Abstract: This chapter analyses the ongoing global green shift from an evolutionary (Schumpeterian) perspective. Understanding such large techno-economic shifts, their causes, dynamics, and implications, has been a recurrent theme in evolutionary economics, from Schumpeter onwards. Following this perspective, what primarily characterizes large techno-economic shifts is that the radical changes they entail concern not just one but a whole range of industries and sectors, including ways of life, the organization of work, and infrastructure. The driving forces behind such shifts, according to Christopher Freeman, Carlota Perez and other contributors to the literature, are key inputs (or factors) characterized by rapidly declining costs, almost unlimited supply, and very broad applicability. This chapter argues that the global green shift, currently unfolding, is a techno-economic shift of a similar (or even larger) magnitude as the earlier shifts discussed by Freeman and Perez and others. The analysis shows that the green shift is driven by interaction of innovations in three interrelated areas, that is, renewable energy innovation; innovation in energy-using sectors; and energy infrastructure innovation, e.g., energy storage and distribution. A number of key innovations from these three areas are identified and their development and spread during the last hundred years or so explored. Particular attention is given to the various factors, including policy, that have influenced these processes. Finally, the lessons for policymaking supporting the global green shift are considered.
    Date: 2023–09
  4. By: Skjold, Benjamin; Steinkamp, Simon Richard; Hulme, Oliver J; Peters, Ole; Connaughton, Colm
    Abstract: Decision theories commonly assume that risk preferences are idiosyncratic but stable over time. A recent model from ergodicity economics reveals that optimising the growth rate of wealth requires individuals to adjust their risk preferences to wealth dynamics. Here we ask whether humans are capable of such adjustments. In a randomised control trial, participants will make risky decisions under additive and multiplicative dynamics. We will estimate risk preferences separately in the two conditions for each participant by fitting isoelastic utility functions via hierarchical Bayesian models and standard regression techniques. Growth optimal adjustments to risk preferences would confirm our main hypothesis, whereas risk preferences that are stable across conditions would disconfirm it. Pilot data from 11 participants revealed strong evidence supporting the main hypothesis. We will replicate this pilot in a pre-registered experiment with up to 150 participants.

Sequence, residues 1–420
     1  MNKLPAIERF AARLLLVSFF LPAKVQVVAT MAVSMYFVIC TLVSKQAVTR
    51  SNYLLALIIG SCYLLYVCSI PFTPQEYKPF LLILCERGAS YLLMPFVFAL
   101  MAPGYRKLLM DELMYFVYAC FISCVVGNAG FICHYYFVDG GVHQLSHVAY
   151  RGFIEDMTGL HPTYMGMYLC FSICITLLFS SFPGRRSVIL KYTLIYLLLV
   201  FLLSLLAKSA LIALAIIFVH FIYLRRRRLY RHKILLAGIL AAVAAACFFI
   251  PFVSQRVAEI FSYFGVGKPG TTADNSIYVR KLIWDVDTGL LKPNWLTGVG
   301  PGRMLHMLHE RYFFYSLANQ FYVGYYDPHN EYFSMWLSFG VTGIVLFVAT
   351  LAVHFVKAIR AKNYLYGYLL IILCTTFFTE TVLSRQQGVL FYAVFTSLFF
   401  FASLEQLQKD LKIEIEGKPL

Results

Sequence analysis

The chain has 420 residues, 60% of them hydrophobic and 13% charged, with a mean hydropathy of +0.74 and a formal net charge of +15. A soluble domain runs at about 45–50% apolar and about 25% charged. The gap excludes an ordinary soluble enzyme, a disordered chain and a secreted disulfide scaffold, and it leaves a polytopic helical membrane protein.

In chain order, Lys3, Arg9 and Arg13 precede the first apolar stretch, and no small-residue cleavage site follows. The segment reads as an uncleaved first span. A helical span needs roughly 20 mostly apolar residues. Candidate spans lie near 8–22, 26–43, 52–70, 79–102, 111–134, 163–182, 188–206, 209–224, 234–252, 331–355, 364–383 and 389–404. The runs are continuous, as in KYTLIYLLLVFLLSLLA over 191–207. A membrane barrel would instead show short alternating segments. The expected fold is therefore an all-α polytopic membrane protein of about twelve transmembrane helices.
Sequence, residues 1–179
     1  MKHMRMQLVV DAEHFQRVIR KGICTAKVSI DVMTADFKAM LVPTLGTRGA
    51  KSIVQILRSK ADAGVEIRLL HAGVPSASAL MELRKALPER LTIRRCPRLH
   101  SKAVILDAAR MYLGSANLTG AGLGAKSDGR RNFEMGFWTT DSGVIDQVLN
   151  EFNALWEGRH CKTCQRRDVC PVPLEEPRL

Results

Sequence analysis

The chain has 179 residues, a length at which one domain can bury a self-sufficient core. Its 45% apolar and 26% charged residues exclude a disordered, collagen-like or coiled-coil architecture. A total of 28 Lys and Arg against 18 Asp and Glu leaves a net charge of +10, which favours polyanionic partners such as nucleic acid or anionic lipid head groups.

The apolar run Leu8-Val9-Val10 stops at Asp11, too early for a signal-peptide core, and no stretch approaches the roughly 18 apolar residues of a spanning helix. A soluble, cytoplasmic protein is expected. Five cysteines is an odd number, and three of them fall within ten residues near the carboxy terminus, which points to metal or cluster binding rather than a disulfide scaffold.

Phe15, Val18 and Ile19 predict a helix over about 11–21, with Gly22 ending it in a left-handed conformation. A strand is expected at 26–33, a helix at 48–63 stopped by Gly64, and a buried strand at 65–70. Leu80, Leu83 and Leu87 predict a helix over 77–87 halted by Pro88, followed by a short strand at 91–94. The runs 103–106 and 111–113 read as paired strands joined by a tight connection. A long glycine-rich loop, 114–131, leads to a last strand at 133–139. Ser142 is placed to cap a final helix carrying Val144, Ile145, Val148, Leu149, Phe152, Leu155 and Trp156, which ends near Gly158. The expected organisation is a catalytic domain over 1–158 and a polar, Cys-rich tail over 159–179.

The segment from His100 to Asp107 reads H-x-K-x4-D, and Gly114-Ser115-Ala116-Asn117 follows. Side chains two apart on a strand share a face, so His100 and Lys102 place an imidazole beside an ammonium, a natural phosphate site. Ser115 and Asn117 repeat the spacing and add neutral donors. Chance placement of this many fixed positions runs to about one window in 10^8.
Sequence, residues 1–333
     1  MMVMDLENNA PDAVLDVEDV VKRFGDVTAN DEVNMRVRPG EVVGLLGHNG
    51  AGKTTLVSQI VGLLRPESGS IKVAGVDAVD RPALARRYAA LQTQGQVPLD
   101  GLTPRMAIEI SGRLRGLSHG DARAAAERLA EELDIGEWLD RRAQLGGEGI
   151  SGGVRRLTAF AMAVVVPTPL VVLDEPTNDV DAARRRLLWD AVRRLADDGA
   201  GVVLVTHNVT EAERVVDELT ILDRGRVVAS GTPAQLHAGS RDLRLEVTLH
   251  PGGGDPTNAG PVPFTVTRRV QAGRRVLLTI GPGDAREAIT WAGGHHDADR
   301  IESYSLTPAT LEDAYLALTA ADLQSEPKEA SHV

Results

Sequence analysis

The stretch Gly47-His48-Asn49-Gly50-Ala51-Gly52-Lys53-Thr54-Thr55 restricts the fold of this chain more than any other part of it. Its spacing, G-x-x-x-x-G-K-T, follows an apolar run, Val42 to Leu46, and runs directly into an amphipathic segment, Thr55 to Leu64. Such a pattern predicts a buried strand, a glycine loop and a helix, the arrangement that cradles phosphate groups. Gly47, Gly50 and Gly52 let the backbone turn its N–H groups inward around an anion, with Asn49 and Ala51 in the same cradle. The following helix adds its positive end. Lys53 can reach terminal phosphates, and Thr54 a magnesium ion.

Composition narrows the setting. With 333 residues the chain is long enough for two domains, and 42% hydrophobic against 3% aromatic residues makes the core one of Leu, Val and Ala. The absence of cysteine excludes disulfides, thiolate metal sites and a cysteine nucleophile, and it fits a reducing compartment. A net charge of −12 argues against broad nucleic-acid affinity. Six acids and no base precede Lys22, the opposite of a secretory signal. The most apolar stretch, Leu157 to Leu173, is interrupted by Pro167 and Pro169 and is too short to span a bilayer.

Date: 2023–09–07
  5. By: Hertz, Uri (University of Haifa); Koster, Raphael; Janssen, Marco (Arizona State University); Leibo, Joel Z.
    Abstract: Studying social-ecological systems, in which agents interact with each other and their environment is a challenging but important task. In such systems, the environment shapes the agents' experience and actions, and in turn collective action of agents changes social and physical aspects of the environment. Experimental and computational approaches to studying complex social behaviors and processes have come a long way since the 1950s. However, emphasis on directly mapping the paradigms that are most computationally convenient (matrix games) to their direct analogs in the laboratory may have impoverished experimental design. Modern artificial intelligence (AI) techniques provide new avenues to model complex social worlds, preserving more of their characteristics. These techniques can be fed back to the laboratory where they help to design experiments in more complex social situations without compromising their tractability for computational modeling. This novel approach can help researchers bring together insights from human cognition, sustainability, and AI, to tackle real world problems of social ecological systems such as climate change, pandemics, and conflict resolution.
    Date: 2023–09–06

This nep-evo issue is ©2023 by Matthew Baker. It is provided as is without any express or implied warranty. It may be freely redistributed in whole or in part for any purpose. If distributed in part, please include this notice.